Creating this fund to ensure residents of the district benefited from the economic activity generated through the Nationals ballpark by investing in parks, recreation, and community basics is a commendable use of public dollars.  Allowing the community to weigh in with their voices about what they feel is needed to benefit the community is the best way to ensure the residents will receive what they see as the community’s top priorities.

Unfortunately, the proposed Budget Support Act would eliminate the Community Investment plan procedures and instead allow the Mayor to make requests for funding through the annual budget process.  The Mayor’s proposed allocations this year do not appear to reflect real community benefits and highlight the need for community input.  The proposed uses of the $2.2 million available include $200,000 for the Cherry Blossom Festival and $500,000 to the Greater Washington Sports Alliance.  It is unlikely that the community at-large would have agreed that these represent their top priorities for community benefits in FY 2009.  We encourage the council to keep the procedures for the Community Investment Plan, remove the proposed uses of the fund and re-distribute the dollars once the community has been able to weigh in, so that the $2.23 million in available funds can be allocated towards what the community considers its top priorities to improve the well-being of District residents.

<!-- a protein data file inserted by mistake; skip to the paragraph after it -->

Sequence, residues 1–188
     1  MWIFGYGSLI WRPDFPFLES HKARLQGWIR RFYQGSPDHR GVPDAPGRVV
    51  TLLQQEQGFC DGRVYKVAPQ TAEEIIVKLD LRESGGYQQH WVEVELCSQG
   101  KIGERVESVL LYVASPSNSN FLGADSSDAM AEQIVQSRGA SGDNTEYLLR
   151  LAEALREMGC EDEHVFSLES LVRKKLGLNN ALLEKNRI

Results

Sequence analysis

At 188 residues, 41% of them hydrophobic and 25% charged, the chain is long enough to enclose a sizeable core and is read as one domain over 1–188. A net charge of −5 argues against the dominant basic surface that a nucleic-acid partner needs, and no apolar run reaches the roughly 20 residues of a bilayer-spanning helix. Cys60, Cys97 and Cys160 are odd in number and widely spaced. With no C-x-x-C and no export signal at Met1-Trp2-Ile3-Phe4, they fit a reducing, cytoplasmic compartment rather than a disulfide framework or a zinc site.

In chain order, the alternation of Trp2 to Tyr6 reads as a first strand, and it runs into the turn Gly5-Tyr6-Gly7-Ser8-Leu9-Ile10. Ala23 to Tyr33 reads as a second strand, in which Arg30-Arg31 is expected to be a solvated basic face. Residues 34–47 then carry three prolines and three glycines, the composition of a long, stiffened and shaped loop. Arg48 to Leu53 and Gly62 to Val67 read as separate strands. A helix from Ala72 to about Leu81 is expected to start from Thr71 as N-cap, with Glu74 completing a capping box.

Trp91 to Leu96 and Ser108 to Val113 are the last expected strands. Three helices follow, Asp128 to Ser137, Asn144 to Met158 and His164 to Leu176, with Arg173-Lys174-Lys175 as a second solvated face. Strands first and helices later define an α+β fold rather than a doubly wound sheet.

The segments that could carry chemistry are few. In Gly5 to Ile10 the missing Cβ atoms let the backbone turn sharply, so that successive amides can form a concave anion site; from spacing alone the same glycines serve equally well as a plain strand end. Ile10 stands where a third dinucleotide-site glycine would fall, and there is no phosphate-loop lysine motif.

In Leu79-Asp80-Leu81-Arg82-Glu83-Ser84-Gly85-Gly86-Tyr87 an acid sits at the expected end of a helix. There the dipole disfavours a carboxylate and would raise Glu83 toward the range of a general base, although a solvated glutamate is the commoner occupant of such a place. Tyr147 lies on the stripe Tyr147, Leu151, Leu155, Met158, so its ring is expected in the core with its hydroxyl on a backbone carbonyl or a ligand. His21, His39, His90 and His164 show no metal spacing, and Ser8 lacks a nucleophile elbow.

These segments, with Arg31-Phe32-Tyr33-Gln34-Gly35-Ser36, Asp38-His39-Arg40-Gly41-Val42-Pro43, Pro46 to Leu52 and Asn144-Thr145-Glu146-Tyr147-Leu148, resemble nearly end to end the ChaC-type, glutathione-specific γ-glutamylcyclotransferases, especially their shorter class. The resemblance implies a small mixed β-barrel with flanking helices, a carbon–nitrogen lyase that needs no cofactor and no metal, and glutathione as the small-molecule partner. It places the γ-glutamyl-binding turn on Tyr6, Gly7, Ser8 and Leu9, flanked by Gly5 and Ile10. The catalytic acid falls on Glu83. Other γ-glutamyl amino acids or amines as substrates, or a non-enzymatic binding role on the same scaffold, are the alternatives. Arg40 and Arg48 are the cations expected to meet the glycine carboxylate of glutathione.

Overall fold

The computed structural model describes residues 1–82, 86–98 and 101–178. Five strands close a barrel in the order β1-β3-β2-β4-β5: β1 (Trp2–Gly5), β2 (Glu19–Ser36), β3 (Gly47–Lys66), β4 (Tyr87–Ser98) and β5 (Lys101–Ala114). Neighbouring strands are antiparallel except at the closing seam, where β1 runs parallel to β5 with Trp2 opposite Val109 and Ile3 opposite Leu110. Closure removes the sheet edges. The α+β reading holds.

Thank you for the opportunity to offer testimony.  I am happy to answer any questions.


End Notes:

[1] The fiscal impact statement does not account for the revenue generated from sales tax from the Newseum site as the OCFO’s office expects the Mayor’s office to submit a request to remove this provision; otherwise the amount would be much higher.

[2] D.C. Law 15-320: Title II, Sec.202(b), pg. 22